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Inventor Parts Tutorial


Tutorial Format

  • TA will be giving a Lecture Block (about 10 minutes). ALWAYS follow TA during this portion with eyes on projection screen.
  • Followed by a Work Block where students complete tasks independently, and TA walks around room. If you finish this early, you may jump down to the advanced topics and references at the end of this section, BUT return attention to the TA during the next Lecture Block.
  • For Assignment information:

Lecture Block #1: Getting Started

Open Autodesk Inventor:

  • Start-> All Programs -> Autodesk -> Autodesk Inventor 2012

Welcome Screen:

  • Open an existing file
  • Make a New File
  • File types:

    • .ipt: part file (Use Standard.ipt Not Sheet Metal.ipt)
    • .iam: assembly files
    • .idw: drawing file


  •  Projects make file management in your computer or among a group of collaborators easier.  The Project defines your working directory, which is just a folder that contains all of the files related to a specific project.  Because assemblies and other file types require access within folder to all of the files references in the assembly, projects provide an easy way to organize these files.
  • Starting a new project:

1.    Select “Projects” from the “Get Started” Screen Ribbon, or under “Manage” when clicking on the yellow I in the top left of the screen

2.    Click on “New” and follow the given directions.

3.    Choose “New Vault Project” if this will be a shared project, or “New Single User Project” if these files will only reside on your computer.

4.    Enter the name and location of the project and click “Finish”

5.    IMPORTANT: double click on the file you want to be working on and a check will appear beside that project.  You can only switch projects when all files are closed.


Interface Overview:

  • Understanding access to toolbar access tips, and for getting used to the new ribbon for those with experience with the previous Inventor version.


  • Very useful and easy introductions, and videos about all the features of AutoCAD.  Highly recommended for brand new users.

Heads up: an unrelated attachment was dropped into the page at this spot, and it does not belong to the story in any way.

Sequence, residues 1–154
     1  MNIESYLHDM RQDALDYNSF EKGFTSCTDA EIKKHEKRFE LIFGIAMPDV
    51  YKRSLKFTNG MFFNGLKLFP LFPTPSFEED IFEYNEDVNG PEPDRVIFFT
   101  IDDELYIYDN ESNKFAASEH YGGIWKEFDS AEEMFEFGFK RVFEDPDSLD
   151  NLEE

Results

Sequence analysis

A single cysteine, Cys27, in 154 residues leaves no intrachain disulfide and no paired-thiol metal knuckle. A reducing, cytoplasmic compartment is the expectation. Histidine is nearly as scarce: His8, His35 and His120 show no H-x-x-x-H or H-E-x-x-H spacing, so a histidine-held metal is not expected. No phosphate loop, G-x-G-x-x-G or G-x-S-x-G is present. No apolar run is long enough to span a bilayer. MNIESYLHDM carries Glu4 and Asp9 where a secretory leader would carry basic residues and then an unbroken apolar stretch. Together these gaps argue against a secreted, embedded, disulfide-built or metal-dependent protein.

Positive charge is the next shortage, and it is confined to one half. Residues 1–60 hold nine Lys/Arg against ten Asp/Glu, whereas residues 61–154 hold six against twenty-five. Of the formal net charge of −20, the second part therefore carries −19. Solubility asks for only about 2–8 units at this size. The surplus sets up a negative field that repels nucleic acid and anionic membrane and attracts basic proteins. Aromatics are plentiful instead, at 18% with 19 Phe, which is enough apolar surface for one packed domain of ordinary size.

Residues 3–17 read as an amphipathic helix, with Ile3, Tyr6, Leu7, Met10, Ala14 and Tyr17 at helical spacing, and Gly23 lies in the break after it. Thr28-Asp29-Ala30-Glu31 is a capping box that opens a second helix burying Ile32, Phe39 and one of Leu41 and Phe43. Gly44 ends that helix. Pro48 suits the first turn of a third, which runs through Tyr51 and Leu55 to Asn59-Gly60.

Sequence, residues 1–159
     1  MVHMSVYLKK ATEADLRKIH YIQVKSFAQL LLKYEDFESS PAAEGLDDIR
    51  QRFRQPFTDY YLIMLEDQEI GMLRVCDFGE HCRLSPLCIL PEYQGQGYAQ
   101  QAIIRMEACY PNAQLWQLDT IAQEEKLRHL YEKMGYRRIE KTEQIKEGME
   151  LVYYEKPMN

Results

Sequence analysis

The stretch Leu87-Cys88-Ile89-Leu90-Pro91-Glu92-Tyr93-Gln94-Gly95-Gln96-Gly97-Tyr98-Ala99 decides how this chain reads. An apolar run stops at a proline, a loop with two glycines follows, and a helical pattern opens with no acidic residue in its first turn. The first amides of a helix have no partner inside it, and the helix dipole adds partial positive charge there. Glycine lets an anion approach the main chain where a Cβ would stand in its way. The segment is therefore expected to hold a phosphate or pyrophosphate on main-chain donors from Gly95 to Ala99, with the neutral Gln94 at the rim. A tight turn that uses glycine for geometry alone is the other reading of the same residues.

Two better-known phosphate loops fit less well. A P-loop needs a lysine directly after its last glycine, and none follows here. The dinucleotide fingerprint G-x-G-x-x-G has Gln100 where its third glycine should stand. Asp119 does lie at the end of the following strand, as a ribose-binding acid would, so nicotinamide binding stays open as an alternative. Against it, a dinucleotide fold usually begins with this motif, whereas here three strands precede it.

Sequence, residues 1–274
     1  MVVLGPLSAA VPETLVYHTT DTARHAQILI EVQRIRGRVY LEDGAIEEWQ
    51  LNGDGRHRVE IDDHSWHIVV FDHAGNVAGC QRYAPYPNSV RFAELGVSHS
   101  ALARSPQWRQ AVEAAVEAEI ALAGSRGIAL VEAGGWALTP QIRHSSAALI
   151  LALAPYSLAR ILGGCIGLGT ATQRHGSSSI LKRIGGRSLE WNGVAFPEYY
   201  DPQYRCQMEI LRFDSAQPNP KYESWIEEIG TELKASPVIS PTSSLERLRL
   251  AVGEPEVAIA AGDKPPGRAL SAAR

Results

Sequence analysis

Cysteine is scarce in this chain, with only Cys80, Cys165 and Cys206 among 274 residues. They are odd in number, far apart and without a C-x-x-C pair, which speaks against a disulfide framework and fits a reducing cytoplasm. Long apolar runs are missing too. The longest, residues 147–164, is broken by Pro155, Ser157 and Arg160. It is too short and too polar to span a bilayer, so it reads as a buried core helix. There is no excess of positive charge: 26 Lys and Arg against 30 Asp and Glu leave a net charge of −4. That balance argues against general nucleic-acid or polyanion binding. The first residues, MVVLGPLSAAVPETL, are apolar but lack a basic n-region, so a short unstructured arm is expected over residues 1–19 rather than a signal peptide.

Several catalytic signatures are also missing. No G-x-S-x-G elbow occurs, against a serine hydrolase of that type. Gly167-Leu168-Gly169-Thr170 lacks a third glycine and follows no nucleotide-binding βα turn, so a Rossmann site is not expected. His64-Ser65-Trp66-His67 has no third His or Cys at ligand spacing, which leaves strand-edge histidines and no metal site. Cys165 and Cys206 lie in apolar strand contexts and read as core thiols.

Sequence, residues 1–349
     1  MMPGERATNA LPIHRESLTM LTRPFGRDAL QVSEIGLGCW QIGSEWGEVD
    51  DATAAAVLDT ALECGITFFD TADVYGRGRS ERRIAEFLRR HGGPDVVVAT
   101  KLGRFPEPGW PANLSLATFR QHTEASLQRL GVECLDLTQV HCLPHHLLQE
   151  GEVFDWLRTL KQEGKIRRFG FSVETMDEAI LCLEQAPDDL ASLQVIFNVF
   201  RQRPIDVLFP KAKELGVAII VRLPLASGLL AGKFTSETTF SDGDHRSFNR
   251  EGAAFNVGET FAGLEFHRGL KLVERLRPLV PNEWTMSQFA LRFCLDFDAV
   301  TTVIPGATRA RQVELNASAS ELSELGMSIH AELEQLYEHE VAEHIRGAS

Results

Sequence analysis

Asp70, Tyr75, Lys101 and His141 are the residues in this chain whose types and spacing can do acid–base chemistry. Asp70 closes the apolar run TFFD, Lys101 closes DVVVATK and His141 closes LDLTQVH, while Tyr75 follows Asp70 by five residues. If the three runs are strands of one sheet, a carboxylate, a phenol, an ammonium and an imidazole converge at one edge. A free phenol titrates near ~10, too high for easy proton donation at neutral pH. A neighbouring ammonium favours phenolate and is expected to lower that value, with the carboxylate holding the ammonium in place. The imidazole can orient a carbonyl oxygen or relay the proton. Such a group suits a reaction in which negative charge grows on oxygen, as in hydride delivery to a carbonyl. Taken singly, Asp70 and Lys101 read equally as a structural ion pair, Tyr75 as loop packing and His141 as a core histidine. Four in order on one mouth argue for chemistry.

Customizing and Preferences:

  • In the "tools" ribbon toolbar “Applications Options” and “Customize” both allow you to change the user interface, file settings etc.  It is recommended that, once adjusted, users define their own settings to increase modeling efficiency.  There are many many different options, but the main ones that apply to this course are:
    • Applications Options
      • Colors >Color Scheme – change the colors to ease your eyes ( I suggest millennium)
      • Sketch-Display
        • I suggest you only show your axes, and minor gridlines
      • NOTE: you may have to hid your Windows taskbar to find the apply button.
    • Customize
      • I highly recommend that for extended use you set your keyboard shortcuts to make modeling much faster, you can also see the set shortcut for a given function/tool/button when hovering over that button with your mouse.
      • Use this to change your toolbars if needed.

Work Block #1: Getting Started
  • Create your project file (this is your working directory that will contain all of the files relevant to, and used by your current project, ex. for your clock project this will contain all of the .ipt part files as well as your .iam assembly file)
  • Change the color scheme in the Application Options
  • Open an new .ipt file (make sure you choose standard .ipt as opposed to sheet metal .ipt)

Lecture Block #2: Sketching
  • In this tutorial we will be creating the following part, where the dimension are given in the assignment <-- click here for a link

Base Plate

Base Plate 2D Sketch:

1.     Sketch the part using the tools in the “Sketch” Toolbar similar to AutoCAD

1.1.  Draw the basic shape (its best to draw the side profile of the part). For a part to be fully constrained, at least one corner must be coincident with (at the same point as) the origin.  If you cannot snap to your origin you may need to re-project the geometry of the origin onto your sketch.

1.2.  Use the line tool to draw lines.  Lines are drawn by clicking on the start and endpoint, as opposed to typing in specific coordinates (as with AutoCAD).


1.3.  Constrain the sketch (“sketch” ribbon, “Constrain” tab) before dimensioning (use auto-constrains if possible).

      • Auto-constraints: your mouse will snap to place lines and shapes parallel, perpendicular, horizontal or vertical.  A little ┴ or || shape will appear, or dotted lines linking to an existing feature will indicate that a constraint will be made.
      • Sketches can be manually constrained using the constrain toolbar (constraints include vertical, horizontal, parallel, perpendicular, coincident, concentric, tangent, etc.)
      • Points, lines, and curves can be clicked and dragged if not already fully constrained.
      • Constraining wisely can reduce the amount of dimensioning required, and allow modification of a design. (ie:  the top and bottom small lines can be constrained to be "equal” and are thus forced to have the same length.  Because Inventor is parametric, changing one of the two lengths will change the other simultaneously).